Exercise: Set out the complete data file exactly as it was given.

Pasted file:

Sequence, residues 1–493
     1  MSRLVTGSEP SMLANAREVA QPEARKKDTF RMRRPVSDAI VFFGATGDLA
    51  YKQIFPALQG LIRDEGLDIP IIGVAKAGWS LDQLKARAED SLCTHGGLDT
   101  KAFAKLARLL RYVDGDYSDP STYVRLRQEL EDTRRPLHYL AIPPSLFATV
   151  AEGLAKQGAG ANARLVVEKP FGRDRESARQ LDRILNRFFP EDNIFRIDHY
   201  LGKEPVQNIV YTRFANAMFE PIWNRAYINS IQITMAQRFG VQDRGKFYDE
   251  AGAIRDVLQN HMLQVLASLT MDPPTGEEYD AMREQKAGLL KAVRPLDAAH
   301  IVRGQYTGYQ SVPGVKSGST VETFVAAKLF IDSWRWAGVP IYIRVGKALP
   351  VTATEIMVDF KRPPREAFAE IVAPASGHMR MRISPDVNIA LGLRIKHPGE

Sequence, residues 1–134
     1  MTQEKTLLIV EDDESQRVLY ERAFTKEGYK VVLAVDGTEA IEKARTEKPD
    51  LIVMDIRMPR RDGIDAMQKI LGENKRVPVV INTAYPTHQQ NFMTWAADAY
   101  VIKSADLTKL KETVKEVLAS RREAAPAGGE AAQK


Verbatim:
Sequence, residues 1–493
     1  MSRLVTGSEP SMLANAREVA QPEARKKDTF RMRRPVSDAI VFFGATGDLA
    51  YKQIFPALQG LIRDEGLDIP IIGVAKAGWS LDQLKARAED SLCTHGGLDT
   101  KAFAKLARLL RYVDGDYSDP STYVRLRQEL EDTRRPLHYL AIPPSLFATV
   151  AEGLAKQGAG ANARLVVEKP FGRDRESARQ LDRILNRFFP EDNIFRIDHY
   201  LGKEPVQNIV YTRFANAMFE PIWNRAYINS IQITMAQRFG VQDRGKFYDE
   251  AGAIRDVLQN HMLQVLASLT MDPPTGEEYD AMREQKAGLL KAVRPLDAAH
   301  IVRGQYTGYQ SVPGVKSGST VETFVAAKLF IDSWRWAGVP IYIRVGKALP
   351  VTATEIMVDF KRPPREAFAE IVAPASGHMR MRISPDVNIA LGLRIKHPGE

Sequence, residues 1–134
     1  MTQEKTLLIV EDDESQRVLY ERAFTKEGYK VVLAVDGTEA IEKARTEKPD
    51  LIVMDIRMPR RDGIDAMQKI LGENKRVPVV INTAYPTHQQ NFMTWAADAY
   101  VIKSADLTKL KETVKEVLAS RREAAPAGGE AAQK